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Kristen Tsetsi

New England
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Troubleshooters: The Longest Joke Ever Told audiobook cover art

Capers!

Overall
4 out of 5 stars
Performance
4 out of 5 stars
Story
4 out of 5 stars

Reviewed: 06-12-19

Ian Thomas Healy has a special knack for blending story, characters, and action without letting one element overwhelm the others.

In Troubleshooters, Healy introduces us to a rich cast of characters who are engaging as well as a delightful 180 in their interpersonal dynamic to what we typically see in fiction/movies/TV (Healy is probably one of the more consistently equalist writers I've read). Because we know the characters, because they're very real in their quirks and complexities, when the time comes for them to take on a mission, we're interested in how they'll react, how they'll plan, how they'll deal with obstacles, and what every tense moment means to them. I will typically fall asleep during any story (movie or otherwise) when the action gets too heavy, but even though Healy's action snowballs into action on top of action in the latter portion of Troubleshooters, I was rarely not engaged. Not only because of the writing, but because of the

Narration

Nicholas Patrella is fantastic. His accents and voices differentiate one character from the next, the noises he makes for his characters (laughter, sighs, scoffs, or the snarfling gurgle of being choked or stabbed) seem spontaneous and natural and just right for the moment/character, and when the action gets going, when the tension is high, you can hear it in his delivery.

A lively, entertaining, and often funny book.

1 of 1 people found this review helpful

A Ship of Pearl audiobook cover art

So enjoyed it that I'm listening again.

Overall
5 out of 5 stars
Performance
5 out of 5 stars
Story
5 out of 5 stars

Reviewed: 05-08-19

The wonderful thing about hearing a story from a child's perspective is that children have limited awareness of adult troubles. In A Ship of Pearl, Eldie, 12, exists in a time when money is scarce, a house fire has taken his family's home and forced his siblings and parents to board separately with others, and his new living situation means attending a new (and inferior, in Eldie's opinion) school with a new (much less pleasant) teacher. But because Eldie is a child, we as readers escape the pressure felt by adult parents trying to provide for their children under harsh conditions. Instead, we get to follow Eldie, both in the (his) present day and through his rich and vivid memories, from his almost-born days in the womb to his twelfth year.

In that time, we're casually made aware of the family's difficulties (Eldie is told he can take a fresh sandwich from the trash, if he wants it - he's so skinny, after all), but we're also introduced to Eldie's dynamic, sparkling parents, his friends (Ephram is wonderful until he isn't, but he still very much is), and his serious love interest, Cecilia. We're immersed not in constant woe and struggle, but in a place and a past--the scents of the flowers Eldie knows, the behavior of livestock he observes, the two-room house and the one-room schoolhouse, all part of the huge, small world where Eldie lives--, and with the kind of naturally and beautifully placed details that never once pull readers out of the story the way some do with their clunky efforts to explain or show.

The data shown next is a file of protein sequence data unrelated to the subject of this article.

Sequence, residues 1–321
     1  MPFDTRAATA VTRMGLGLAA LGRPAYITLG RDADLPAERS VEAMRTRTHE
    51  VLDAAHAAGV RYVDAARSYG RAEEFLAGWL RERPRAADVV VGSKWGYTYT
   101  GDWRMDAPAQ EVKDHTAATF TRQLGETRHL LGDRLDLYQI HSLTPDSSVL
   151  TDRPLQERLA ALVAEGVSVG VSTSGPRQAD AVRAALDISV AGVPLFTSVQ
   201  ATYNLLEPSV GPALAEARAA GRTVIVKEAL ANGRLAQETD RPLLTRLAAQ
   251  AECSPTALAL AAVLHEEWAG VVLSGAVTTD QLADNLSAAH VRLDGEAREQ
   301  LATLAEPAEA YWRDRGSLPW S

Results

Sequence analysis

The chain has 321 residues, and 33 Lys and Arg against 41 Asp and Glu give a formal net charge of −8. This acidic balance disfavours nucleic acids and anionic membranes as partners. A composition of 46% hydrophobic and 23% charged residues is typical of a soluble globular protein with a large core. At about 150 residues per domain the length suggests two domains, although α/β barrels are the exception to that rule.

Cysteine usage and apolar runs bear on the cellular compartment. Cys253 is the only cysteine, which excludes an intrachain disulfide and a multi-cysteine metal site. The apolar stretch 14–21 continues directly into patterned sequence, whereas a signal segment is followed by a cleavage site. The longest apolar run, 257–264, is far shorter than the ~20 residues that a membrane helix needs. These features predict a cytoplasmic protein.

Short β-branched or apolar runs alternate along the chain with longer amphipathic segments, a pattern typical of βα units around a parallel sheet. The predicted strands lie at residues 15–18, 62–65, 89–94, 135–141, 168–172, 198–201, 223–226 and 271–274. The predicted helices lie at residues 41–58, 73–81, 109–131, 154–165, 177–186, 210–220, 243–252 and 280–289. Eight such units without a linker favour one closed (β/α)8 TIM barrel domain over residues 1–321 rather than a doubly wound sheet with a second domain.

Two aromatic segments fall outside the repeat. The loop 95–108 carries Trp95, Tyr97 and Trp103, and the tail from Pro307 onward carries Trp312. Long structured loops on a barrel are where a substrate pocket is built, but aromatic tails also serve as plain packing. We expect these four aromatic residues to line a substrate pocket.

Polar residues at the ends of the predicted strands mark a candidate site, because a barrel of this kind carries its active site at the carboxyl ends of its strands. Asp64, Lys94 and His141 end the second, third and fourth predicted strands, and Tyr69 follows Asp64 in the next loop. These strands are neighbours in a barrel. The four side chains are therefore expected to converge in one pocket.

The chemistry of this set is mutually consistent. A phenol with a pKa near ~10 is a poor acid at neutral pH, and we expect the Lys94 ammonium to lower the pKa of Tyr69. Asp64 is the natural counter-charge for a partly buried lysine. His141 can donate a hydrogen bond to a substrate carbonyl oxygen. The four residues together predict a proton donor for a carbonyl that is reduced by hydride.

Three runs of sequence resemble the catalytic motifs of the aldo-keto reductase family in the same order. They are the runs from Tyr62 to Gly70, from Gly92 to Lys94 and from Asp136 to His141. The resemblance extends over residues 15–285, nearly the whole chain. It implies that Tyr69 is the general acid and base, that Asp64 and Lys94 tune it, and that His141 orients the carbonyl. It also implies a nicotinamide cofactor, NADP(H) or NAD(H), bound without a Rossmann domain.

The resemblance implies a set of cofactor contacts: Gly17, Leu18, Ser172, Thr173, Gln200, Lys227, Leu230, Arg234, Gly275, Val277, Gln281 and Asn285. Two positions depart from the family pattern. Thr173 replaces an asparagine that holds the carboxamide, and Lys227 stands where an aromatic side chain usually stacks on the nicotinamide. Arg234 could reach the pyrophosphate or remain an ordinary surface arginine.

The story is immersive not only because of its characters and their braided-together lives, but because Adela Crandell Durkee somehow managed to fully inhabit the mind of a young boy. Eldie's observations are sometimes laugh-out-loud funny, other times age-appropriately simple but utterly lovely poetry. (Because I listened to the novel while walking my dog, it wasn't possible to copy my favorite passages. If I had copied them, this review would go on and on with short excerpts that I just loved.)

I hope someday to be able to write like Crandell. In the meantime, I'll be content to continue reading her.

Performance: Bud Corley is the only voice I can imagine speaking for Eldie. There's something about the surface-level sound of his voice, his manner of speaking, that takes us to childhood, but beyond that, it's as if Corley intimately knows the heart and soul of Eldie. Every emotion, from frustration to guilt to confusion to amusement, is convincingly expressed without over-acting or even a hint of obvious effort.

Tools of the Trade audiobook cover art

Whip-smart, funny, and all the best similes

Overall
5 out of 5 stars
Performance
5 out of 5 stars
Story
5 out of 5 stars

Reviewed: 11-15-18

In addition to this being a pure joy to listen to - Philip Persinger writes as if his words are meant to be performed rather than read silently, and Daniel McColly performs brilliantly - Tools of the Trade features characters who do and say atrocious things, but in such a way that their behavior, questionable as it may be, is hard not to love. Every character has a soft spot, a tender moment, and we come across those spots and moments in unexpected ways (usually couched in imaginative phrases and sharp humor). This is a must-hear book by a wildly clever writer.